The police officers saw nothing amiss. Never once did it look to me like either child was in danger on the video footage provided.
Gareth A.Davies, MMA journalist (currently nominated on as one of the Top 5 MMA Journalists of the Year for the World MMA Awards), gave his response in his article entitled, "The ignoranti namely the BBC and Sky condemn MMA (and boxing ) yet make fools of themselves." He said: "Look closely at whether the children in the video - and they are clearly children - are actually involved in combat. They are not. They are grappling, and their work is a mixture of wrestling and jiu-jitsu, a form of Brazilian-Japanese floor combat, designed to help a small man fight a bigger man. This is not MMA. Take away the cage, the ring card girls, and put a gi (uniform worn for fighting) on the boys, and there would have been no interest in the news pages in this story. What it is not - is mixed martial arts."
Much ado about nothing
All this outrage is as surprising to me as the fuss over the increase in price of DVD rental and streaming services offered by Netflix.
My bill went up around $5 per month. I spent a few minutes noticing whether the services are worth it to me or not. Yes, they are. I get my money's worth every month. It's a non-issue to me.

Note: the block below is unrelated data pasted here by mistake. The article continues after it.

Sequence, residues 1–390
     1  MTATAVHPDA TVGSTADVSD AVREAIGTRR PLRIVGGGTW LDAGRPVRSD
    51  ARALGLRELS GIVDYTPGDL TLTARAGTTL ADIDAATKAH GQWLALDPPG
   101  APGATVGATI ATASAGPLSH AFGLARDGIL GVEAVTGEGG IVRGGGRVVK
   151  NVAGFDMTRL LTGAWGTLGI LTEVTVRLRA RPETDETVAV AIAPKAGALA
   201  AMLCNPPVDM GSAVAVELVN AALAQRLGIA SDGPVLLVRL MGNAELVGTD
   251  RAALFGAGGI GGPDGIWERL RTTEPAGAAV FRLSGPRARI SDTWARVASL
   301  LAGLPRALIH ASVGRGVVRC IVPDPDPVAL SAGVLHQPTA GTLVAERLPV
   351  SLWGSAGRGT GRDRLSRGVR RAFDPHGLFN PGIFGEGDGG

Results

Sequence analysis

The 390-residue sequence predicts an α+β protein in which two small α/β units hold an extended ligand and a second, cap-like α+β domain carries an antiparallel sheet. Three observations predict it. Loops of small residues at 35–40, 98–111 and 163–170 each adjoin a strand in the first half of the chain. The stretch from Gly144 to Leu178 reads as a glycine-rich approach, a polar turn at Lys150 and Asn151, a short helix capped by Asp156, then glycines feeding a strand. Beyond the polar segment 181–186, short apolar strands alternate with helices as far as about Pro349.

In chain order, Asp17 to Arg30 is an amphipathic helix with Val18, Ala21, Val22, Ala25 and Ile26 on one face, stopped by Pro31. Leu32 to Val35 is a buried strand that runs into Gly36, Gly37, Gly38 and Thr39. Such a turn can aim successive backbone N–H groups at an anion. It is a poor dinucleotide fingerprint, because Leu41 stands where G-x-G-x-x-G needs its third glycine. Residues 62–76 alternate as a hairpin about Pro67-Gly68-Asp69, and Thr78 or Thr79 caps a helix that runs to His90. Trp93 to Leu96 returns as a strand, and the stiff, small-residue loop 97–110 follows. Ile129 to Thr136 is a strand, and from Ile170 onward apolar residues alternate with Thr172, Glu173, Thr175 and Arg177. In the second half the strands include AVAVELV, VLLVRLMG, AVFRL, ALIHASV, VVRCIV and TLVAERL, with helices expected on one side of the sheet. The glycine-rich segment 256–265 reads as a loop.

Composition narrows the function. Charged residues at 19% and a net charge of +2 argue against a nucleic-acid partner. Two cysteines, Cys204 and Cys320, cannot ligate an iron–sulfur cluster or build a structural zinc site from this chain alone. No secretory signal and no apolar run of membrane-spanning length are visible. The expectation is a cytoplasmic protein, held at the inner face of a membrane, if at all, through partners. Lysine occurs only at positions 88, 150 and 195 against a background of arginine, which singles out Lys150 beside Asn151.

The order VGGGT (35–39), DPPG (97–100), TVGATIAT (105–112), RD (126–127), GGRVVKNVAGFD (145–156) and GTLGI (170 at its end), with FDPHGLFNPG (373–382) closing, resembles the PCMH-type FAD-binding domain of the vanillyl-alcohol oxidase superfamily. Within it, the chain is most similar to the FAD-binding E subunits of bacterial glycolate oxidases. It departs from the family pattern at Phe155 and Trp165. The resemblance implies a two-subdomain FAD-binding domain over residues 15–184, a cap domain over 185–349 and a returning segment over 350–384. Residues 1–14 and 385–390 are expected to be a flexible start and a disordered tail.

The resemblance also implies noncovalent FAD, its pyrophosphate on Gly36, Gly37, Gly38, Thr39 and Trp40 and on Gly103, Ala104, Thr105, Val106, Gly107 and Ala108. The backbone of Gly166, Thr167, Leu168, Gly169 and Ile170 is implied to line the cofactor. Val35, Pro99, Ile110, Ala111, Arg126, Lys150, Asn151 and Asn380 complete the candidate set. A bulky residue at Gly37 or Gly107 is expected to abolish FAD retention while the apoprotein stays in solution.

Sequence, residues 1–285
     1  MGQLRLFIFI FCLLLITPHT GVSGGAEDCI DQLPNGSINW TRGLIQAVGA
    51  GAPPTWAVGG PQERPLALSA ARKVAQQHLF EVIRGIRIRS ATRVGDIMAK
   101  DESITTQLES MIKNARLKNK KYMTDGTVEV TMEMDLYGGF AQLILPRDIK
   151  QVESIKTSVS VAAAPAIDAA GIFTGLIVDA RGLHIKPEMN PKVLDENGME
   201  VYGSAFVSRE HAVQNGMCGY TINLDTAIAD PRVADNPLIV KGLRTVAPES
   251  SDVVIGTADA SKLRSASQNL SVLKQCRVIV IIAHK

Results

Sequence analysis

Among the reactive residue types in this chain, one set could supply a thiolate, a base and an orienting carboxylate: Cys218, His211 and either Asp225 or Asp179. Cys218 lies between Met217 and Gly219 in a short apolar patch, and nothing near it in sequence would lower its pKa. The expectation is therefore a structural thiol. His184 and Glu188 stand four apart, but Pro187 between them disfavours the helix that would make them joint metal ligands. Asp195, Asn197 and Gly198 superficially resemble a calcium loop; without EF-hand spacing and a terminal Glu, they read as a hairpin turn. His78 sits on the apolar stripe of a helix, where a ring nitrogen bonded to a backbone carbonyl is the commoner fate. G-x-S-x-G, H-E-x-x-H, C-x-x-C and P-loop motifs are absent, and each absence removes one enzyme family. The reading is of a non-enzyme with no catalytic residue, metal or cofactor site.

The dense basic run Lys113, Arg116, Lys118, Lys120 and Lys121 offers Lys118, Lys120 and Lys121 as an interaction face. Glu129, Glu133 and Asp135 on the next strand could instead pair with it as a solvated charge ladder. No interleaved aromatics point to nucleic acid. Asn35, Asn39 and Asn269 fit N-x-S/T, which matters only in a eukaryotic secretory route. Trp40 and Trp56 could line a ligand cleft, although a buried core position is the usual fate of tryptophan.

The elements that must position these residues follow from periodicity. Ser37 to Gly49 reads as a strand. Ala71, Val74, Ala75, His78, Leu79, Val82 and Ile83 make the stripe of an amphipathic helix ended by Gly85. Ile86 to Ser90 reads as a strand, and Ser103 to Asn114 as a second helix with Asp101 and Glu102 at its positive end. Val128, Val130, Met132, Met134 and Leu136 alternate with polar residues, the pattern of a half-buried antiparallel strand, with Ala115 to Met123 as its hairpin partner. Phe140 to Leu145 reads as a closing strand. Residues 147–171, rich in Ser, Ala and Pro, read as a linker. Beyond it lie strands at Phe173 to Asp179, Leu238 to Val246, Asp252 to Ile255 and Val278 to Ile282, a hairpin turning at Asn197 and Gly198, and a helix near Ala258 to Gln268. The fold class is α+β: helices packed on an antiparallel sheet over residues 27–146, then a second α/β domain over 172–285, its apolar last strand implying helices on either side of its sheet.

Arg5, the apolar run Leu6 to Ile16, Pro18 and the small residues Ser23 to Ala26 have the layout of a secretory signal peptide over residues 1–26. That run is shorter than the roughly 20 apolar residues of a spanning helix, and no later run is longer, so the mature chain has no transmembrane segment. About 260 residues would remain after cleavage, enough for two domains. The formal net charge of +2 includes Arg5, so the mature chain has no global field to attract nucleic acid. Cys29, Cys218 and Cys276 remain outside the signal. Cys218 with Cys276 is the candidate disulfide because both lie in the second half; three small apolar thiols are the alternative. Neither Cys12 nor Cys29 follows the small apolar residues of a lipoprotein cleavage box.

I see it as the management team at Netflix taking the necessary steps to manage their business. People—outside of the situation—think they know better than the people (inside) who are studying the situation as their main cause of concern.
I have been known to drive around looking for the cheapest price for gasoline, too. One day, I noticed that I saved $1.70 by filling up at a station with lower-priced gas. The cheaper station sells generic gas—not a recognized name. I decided that I prefer name-brand gasoline. I make the best choices that I can to save money, to take good care of my car's engine, but most important, to avoid running out of gas whilst driving around looking for the best price.
Everyone makes personal decisions based on his or her own experience. What looks like a technical grappling match to me looks like child abuse or cock-fighting to another.
My roommate is an after-school program leader for children (K-12). She watched the video and started laughing at the fuss people are making over what she termed "martial arts."
NatGeo is currently filming an episode for is "Taboo" show, which will, no doubt, cast dubious glances and unwanted aspersions on MMA—the fastest growing sport in America.
It's unfortunate that people get the wrong idea.
Here's a video (a film By Bobby Razak, produced by Tapout films) of two young American boys, the Ruffo brothers—Carlos and Giovanni, who are shown practicing MMA with some well known UFC fighters. These kids are highly skilled and confident. They're not being abused. They're practicing MMA.
More from this contributor:
Cheryl Ragsdale, BJJ blue belt, trains in MMA with UFC Fighter Kenny Florian and Keith Florian at Florian Martial Arts - follow @thatgirlisfunny.